The two years since the Snowden revelations have seen an unprecedented focus in media and public interest circles on the role of privacy and security in our highly networked and digitally mediated information world. While increasing legal actions against journalists and sources, questionable practice on the part of government bodies, and often disturbing new understandings about the ability of third parties to register, obtain, and share our digital communications has continued to make headlines, the impact of these events on the daily practices of working journalists has been much more uneven. In our semester as Tow Fellows at the Columbia University Graduate School of Journalism (CJS), we found that while most students, alumni, and staff are convinced of the importance of learning information-security skills, they still lack regular opportunities to do so with qualified teachers in a structured environment. To address this, we organized a range of educational interventions designed to assess both the real depth of this professed commitment and the most effective ways of providing these skills. To that end, we hosted both short (one- to four-hour) information sessions and two parallel series of workshops spread over the semester—one set drop-in and the other cumulative. We also conducted interviews with students, staff, faculty, alumni, and working journalists to understand their particular needs and concerns and made a high-level review of current practices and resources in major newsrooms and journalism schools to understand where and how adjustments to these practices might be made. This research project was designed to explore possible models for providing journalism school students with the tools they need to start putting information-security skills and knowledge into practice while they are learning to be reporters. When offered structured, sustained support and learning opportunities, the students and alumni we encountered during our time at CJS displayed a surprising level of demand for—and sustained commitment to—the non-accredited workshops offered at Columbia J-School as part of this research, which we discuss in detail below. Our work revealed a few key takeaways that we hope newsrooms and journalism schools will use to improve the robustness and efficacy of their information-security training programs:
Despite a real need in newsrooms and journalism schools for practical information-security skills1 being met effectively by current programs, interventions, and resources.
The strong expressed demand for information-security coursework from the Columbia University Graduate School of Journalism students and staff was matched by a demonstrable commitment to dedicate the time required to develop and strengthen relevant skills, even when no credit or formal recognition was offered.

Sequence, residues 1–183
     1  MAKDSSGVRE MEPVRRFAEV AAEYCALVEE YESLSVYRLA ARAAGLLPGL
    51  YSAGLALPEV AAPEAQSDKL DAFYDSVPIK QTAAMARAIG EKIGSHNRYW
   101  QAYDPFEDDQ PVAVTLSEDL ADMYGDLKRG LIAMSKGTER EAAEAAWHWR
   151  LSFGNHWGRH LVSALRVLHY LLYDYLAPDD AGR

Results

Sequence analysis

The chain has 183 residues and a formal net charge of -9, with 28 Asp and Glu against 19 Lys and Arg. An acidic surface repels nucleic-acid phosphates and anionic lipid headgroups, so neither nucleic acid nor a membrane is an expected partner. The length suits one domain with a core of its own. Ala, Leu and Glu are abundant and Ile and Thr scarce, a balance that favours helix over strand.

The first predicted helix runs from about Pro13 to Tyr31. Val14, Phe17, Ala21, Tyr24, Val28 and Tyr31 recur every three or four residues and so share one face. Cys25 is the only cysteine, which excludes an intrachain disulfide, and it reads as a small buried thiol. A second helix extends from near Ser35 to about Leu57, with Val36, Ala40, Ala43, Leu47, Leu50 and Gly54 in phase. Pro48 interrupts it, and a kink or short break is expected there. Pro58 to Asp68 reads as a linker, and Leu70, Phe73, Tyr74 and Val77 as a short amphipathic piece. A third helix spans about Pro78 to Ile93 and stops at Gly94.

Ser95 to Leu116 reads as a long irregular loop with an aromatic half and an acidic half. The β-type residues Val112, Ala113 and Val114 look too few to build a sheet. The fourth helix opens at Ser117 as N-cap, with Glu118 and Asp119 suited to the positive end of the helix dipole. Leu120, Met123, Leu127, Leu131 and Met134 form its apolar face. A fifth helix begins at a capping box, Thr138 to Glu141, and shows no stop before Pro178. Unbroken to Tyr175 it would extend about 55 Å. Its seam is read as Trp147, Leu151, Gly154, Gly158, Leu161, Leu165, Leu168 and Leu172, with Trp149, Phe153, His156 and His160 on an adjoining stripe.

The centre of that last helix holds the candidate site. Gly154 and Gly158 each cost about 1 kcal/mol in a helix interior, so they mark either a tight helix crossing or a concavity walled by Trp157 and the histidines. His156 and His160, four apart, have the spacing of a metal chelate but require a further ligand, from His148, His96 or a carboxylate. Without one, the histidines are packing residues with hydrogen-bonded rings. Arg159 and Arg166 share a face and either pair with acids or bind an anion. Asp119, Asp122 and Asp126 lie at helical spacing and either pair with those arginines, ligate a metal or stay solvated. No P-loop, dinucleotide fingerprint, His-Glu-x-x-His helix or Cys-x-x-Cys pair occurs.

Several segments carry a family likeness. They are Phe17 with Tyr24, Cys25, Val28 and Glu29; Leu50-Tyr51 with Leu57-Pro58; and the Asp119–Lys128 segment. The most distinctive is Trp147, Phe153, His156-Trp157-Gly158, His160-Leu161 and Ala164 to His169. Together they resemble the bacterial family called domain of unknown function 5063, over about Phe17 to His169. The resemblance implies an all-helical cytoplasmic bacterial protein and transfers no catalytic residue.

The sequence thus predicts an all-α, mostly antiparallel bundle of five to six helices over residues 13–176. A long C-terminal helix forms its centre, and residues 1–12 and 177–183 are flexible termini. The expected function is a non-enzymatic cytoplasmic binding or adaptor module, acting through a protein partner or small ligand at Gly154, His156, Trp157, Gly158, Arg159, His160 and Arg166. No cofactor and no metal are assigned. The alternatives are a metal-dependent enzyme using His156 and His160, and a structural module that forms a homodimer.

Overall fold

A continuous series of relatively short, hands-on workshops—scheduled at least a week apart—results in better skill acquisition, stronger retention, and less confusion than do either brief introductory sessions or multi-day, intensive boot camp events.
By assigning students a carefully selected series of verifiable tasks, one can effectively and efficiently evaluate learners’ basic competency with information-security tools and techniques.
Information security for journalists is a complex area of knowledge and expertise. Yet most journalists need not become advanced experts in information security, as some fear. The typical journalist, however, is still likely to handle information considered sensitive—whether by a source, employer, or colleague—at some point and does need a baseline level of expertise in digital security fundamentals, such as robust password practices, anti-virus software, and regular data backups; as well as select intermediate information-security skills, such as an awareness of the basic insecurity and risks of various channels of communication. Journalists also need access to qualified technical and operational expertise and the commitment to select and use more advanced security tools and tactics if so advised. Most importantly, however, they need to develop the ability to appreciate when turning to security experts is required. While achieving these practice goals does represent a considerable amount of skill-building and learning for most journalists, we believe that this process is not dissimilar to the continuous learning they already undertake to improve their basic computing skills, access online sources, integrate data into their reporting, and learn to use multimedia tools and software.